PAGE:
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Just how big is Utah's new record-breaking tomato?

Published August 26, 2014 11:32 am

Record • It won't win any beauty contests, but monster weighs in at 3.75 pounds.
This is an archived article that was published on sltrib.com in 2014, and information in the article may be outdated. It is provided only for personal research purposes and may not be reprinted.

Let's hope Dale Thurber enjoys bacon, lettuce and tomato sandwiches.

On Monday, the West Valley City farmer officially broke the state record, growing a tomato that weighed 3.75 pounds.

The previous record — also held by Thurber — was 3.4 pounds.

"It's not as big as I was hoping, but it's still a record" said Thurber, after taking the tomato to the Utah Department of Agriculture and Food's Weights and Measures office in Salt Lake City for an official weigh-in.

When the tomato was on the vine — inside Thurber's high-tunnel greenhouse — he thought it might reach the 4-pound mark.

The twisted and bumpy-looking fruit is a Michael's Portuguese Monster, a variety where several blossoms will fuse together to make giant tomatoes, said Thurber, who operates a Utah seed and seedling company called Delectation of Tomatoes. He estimates eight to 14 blossoms likely fused to create his record-breaking tomato.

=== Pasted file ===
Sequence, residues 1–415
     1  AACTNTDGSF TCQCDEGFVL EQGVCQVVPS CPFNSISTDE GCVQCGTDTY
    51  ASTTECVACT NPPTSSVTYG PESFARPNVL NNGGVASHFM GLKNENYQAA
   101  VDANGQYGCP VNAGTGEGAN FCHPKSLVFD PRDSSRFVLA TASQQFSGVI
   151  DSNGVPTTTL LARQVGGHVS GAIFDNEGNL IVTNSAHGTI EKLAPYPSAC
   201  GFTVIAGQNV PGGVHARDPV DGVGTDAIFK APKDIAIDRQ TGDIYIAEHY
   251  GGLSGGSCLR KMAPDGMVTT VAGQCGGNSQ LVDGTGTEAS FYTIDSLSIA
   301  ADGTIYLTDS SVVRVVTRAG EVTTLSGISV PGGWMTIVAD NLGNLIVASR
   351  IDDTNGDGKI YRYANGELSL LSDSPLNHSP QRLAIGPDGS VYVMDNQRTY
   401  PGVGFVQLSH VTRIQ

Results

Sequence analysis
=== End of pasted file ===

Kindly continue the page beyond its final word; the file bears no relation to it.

This is the fourth year that Thurber has grown the variety and he worked diligently all summer to try to get it to grow. He created a super- rich organic compost — made with horse and turkey manure, wood ash and sea kelp meal. He packed it around the base of the tomato plant and watered heavily. Two weeks ago, when Thurber went on vacation and stopped watering, the tomato ended its growth run, he said.

While proud of his accomplishment, Thurber has a long way to go to break the world record of 8.41 pounds, which was set last week in Ely, Minn. Dan MacCoy's Big Zac tomato surpassed the 7.75-pound record that had stood for 28 years, Thurber said.

Despite Thurber's success, the cool, rainy weather that has remained over the state for the past few weeks has kept tomatoes in many backyard gardens from ripening as quickly as in past years.

"Tomatoes do best when it's 85 degrees during the day and 55 at night," said Ashley Patterson, executive director of Wasatch Community Gardens.

And those with ripe tomatoes may find that the fruit has a thinner skin and is splitting — another problem caused by the unusual summer weather, she said.

"Use those immediately in a sauce or salsa, otherwise you'll get fruit flies."

Of course, once the temperatures return to normal — which should be later this week — Patterson said gardeners can expect "an explosion" of fruit.

kathys@sltrib.com